The Economist, the British-based weekly news magazine, missed a valuable opportunity to present much-needed solutions for children without families. Instead, it glossed over recent history and current realities around international adoption, sounding uninformed and starry-eyed.
All children deserve safe, loving families. International adoption is one means of helping, but there are many other much-needed actions as well. Too often, people romanticize the notion of adoption without understanding its realities. Think “Annie.”
The Economist recently published two articles on international adoption. I was among many folks interviewed for Sarah Esther Maslin’s article, “Home Alone: Fewer Families Are Adopting Children From Overseas.” She addresses the issues of fraud and corruption in Romania and Guatemala, among other countries, noting the frustration that some folks have with the bureaucracy around the adoption process: “Such sluggishness infuriates overseas parents. But many sending countries say critics underestimate the difficulties of building a robust adoption system—and ask why, if people in rich countries really care about poor children in poor places, they do not fund domestic programmes to keep families together instead.”
Maslin’s article explains why international adoptions have decreased so significantly in recent decades, and it’s important that this information get out into the world at large. (I wrote about the issue in this post: “Lamenting the Decline in International Adoption? Take Action.”)
In addition to Maslin’s article, The Economist also published an editorial, “Babies without borders.” The editorial was superficial at best, failing to speak out to its 1.3 million readers about genuinely effective ways to help children have families.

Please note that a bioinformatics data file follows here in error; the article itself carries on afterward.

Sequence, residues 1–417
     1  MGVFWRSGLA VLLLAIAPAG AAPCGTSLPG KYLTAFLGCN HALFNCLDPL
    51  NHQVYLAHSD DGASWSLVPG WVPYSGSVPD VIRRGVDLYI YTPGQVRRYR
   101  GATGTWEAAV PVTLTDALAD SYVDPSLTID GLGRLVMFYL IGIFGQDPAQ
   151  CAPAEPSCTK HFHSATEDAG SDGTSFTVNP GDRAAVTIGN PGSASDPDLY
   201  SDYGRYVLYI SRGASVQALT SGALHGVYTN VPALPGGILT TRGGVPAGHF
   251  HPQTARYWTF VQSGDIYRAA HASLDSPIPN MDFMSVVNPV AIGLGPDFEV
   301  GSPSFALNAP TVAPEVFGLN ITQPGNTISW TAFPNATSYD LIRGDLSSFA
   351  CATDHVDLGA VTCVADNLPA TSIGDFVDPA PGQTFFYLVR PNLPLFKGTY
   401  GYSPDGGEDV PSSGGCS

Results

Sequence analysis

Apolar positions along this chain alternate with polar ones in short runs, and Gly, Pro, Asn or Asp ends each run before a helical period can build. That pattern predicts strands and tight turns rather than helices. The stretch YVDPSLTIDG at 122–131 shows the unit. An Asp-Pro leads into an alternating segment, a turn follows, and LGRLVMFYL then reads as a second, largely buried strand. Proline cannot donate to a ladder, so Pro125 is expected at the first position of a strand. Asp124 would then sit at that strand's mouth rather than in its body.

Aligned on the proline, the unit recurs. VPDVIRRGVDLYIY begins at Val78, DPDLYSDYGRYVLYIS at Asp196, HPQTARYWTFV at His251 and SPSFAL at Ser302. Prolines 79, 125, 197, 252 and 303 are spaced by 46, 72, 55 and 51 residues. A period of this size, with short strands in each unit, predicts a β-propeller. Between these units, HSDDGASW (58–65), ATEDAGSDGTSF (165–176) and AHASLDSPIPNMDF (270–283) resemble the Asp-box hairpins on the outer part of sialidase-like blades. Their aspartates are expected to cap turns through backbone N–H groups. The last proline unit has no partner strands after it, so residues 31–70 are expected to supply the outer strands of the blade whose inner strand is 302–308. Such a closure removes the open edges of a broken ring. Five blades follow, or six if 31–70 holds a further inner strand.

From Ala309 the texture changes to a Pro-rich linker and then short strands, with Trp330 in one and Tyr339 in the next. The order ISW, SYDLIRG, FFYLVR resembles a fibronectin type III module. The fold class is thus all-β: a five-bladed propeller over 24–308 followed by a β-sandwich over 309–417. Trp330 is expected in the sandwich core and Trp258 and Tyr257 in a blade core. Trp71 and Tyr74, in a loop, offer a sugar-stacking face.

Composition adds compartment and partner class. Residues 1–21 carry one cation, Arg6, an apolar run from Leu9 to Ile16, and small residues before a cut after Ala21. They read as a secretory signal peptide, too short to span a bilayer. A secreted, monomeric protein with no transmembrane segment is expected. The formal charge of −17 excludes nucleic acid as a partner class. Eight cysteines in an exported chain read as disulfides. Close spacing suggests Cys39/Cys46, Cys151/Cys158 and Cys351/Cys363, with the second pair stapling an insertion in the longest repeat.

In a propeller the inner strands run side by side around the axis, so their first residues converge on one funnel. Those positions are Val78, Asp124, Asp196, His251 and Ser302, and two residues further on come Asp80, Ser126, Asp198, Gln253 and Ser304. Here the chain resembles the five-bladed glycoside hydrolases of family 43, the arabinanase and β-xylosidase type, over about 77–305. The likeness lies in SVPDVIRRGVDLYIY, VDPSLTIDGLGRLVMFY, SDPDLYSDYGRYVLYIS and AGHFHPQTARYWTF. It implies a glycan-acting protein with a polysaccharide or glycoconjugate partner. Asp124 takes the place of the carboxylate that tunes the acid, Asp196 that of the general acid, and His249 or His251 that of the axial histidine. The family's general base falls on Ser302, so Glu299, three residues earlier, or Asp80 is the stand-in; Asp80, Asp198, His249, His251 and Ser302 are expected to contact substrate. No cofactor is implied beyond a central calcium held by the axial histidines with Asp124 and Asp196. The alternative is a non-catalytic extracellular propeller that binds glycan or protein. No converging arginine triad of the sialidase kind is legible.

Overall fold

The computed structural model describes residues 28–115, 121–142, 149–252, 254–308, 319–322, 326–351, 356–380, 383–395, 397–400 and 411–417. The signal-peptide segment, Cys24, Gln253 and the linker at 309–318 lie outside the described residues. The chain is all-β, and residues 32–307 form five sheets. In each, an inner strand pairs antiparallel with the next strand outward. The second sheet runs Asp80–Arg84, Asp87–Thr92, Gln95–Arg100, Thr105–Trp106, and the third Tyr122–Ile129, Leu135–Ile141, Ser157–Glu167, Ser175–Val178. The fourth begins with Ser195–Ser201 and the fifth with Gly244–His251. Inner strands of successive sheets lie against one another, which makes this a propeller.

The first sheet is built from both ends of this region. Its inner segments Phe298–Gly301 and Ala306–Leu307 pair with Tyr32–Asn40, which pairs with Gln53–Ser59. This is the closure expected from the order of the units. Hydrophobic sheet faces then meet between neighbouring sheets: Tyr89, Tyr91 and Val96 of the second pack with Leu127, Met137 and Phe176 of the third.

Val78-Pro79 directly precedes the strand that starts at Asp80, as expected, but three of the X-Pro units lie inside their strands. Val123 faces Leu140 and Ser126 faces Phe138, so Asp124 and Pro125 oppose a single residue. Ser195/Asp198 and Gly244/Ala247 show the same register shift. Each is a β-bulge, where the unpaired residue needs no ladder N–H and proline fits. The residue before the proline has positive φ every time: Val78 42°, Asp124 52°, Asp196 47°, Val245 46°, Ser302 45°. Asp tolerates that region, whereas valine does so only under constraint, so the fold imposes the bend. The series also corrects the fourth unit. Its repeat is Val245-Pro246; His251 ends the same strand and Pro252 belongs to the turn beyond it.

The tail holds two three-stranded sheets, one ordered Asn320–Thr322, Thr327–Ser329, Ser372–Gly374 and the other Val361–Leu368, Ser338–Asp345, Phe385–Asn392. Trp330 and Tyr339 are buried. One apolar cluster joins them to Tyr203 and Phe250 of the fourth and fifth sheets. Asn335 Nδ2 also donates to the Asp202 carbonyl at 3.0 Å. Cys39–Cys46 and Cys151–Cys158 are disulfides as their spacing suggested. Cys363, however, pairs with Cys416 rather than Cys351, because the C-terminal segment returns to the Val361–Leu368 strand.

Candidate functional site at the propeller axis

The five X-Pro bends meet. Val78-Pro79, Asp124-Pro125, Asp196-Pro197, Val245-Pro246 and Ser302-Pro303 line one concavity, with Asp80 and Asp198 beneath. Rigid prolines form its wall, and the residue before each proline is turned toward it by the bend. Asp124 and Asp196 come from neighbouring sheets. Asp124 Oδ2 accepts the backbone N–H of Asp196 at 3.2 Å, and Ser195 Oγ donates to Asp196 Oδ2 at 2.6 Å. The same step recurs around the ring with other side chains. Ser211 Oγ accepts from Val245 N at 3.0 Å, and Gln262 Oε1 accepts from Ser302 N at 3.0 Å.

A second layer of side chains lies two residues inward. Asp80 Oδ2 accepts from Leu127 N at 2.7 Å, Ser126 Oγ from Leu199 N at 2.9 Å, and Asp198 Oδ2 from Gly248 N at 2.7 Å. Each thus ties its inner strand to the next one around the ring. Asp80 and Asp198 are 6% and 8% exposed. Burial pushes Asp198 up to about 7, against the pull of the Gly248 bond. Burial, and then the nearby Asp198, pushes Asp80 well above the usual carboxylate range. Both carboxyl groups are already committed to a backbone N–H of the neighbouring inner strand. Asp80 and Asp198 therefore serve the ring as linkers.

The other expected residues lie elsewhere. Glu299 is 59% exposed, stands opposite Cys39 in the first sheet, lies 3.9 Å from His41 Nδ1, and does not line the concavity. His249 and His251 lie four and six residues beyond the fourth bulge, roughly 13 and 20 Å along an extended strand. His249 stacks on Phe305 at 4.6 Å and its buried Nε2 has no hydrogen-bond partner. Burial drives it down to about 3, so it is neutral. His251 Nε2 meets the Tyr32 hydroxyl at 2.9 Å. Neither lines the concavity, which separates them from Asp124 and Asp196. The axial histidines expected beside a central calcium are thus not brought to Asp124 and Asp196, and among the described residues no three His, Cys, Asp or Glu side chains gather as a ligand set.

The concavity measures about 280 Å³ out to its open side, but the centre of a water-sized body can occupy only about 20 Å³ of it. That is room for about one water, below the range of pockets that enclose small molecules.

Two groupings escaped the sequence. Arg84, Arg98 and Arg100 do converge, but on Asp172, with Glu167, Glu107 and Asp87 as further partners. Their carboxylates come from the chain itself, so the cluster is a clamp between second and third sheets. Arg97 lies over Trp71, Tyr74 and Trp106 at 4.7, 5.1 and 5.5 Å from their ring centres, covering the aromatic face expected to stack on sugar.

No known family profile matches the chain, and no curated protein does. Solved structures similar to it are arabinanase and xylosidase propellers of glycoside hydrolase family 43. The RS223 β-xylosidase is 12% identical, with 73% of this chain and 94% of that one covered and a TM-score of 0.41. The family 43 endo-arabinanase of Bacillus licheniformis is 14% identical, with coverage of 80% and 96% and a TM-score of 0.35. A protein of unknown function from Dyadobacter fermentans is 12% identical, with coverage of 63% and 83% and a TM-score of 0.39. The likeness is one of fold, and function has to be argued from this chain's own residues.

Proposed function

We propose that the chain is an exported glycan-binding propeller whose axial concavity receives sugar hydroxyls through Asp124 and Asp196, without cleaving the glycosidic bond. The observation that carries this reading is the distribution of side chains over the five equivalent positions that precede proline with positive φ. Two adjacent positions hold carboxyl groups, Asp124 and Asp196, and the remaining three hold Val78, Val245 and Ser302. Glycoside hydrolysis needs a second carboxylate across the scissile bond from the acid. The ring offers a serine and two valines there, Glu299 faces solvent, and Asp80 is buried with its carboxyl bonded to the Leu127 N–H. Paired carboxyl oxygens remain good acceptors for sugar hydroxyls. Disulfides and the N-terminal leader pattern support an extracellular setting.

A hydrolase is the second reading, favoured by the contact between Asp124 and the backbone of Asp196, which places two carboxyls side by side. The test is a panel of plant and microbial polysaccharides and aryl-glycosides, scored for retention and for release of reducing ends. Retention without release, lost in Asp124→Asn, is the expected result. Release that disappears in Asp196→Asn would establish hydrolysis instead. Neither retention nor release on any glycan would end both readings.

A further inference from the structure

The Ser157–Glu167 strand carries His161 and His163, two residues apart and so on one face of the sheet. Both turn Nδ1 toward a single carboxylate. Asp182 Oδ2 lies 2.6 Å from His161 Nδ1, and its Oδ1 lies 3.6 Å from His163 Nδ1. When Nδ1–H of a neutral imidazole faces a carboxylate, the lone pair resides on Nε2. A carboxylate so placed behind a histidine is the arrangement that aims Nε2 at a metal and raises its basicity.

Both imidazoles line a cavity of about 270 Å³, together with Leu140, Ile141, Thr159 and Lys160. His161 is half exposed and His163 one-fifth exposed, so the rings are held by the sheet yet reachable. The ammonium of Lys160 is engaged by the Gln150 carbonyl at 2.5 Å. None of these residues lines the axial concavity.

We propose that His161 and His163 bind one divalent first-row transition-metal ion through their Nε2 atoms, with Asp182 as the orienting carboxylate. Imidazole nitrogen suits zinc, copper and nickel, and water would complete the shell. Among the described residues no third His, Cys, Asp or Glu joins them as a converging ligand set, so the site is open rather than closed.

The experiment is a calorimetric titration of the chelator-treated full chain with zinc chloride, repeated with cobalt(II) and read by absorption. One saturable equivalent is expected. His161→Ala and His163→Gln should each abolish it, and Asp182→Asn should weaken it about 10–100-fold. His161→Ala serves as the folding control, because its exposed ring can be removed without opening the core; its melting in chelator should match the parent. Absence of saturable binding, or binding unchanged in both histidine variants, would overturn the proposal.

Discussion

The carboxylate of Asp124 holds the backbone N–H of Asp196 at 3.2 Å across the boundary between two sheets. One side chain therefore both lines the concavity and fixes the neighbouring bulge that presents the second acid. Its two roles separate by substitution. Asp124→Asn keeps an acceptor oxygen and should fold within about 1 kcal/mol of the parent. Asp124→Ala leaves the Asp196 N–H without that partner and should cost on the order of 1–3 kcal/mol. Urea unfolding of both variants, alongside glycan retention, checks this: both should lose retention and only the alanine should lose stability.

Adoption can benefit some children and families. However, there is a bigger picture around child welfare advocacy that must be addressed.
Here is the Letter to the Editor I sent to The Economist:
In urging that international adoptions be made easier, The Economist’s editorial “Babies without borders” is naïve, clichéd, and shallow. It includes the following:
- A stunning amount of faith that the Hague Convention has rooted out fraud and corruption, and thus it is now safe to move faster in processing adoptions.
- A failure to mention how many adult adoptees have discovered the extent of deception in their adoptions.
- A cavalier dismissal of the loss of culture and history when children are internationally adopted.
- A noticeable silence about several countries’ efforts to promote in-country adoption and to reduce the cultural stigmas around it.
- An astonishing exhortation that U.S. evangelical Christians specifically should not be stopped on their happy way to adopting.
- A lack of awareness about the current paucity of post-adoption services which has led to tragic re-homing situations, as well as to international adoptees being placed, for example, in the U.S. foster care system.
As an adoptive parent, I know the power of adoption. International adoption, though, helps very few of the children who genuinely need help. Increased family preservation efforts and child/family sponsorships via reputable organizations are only two of the possible solutions to ensuring that many more children have safe, loving families.
Unfortunately, The Economist was busy humming Little Orphan Annie’s “Hard Knock Life,” and quoting it, rather than examining realities and proposing thoughtful solutions.
Please read both Sarah Maslin’s article and the editorial, and share your thoughts with The Economist. You can e-mail email@example.com. Include your mailing address and a daytime telephone number.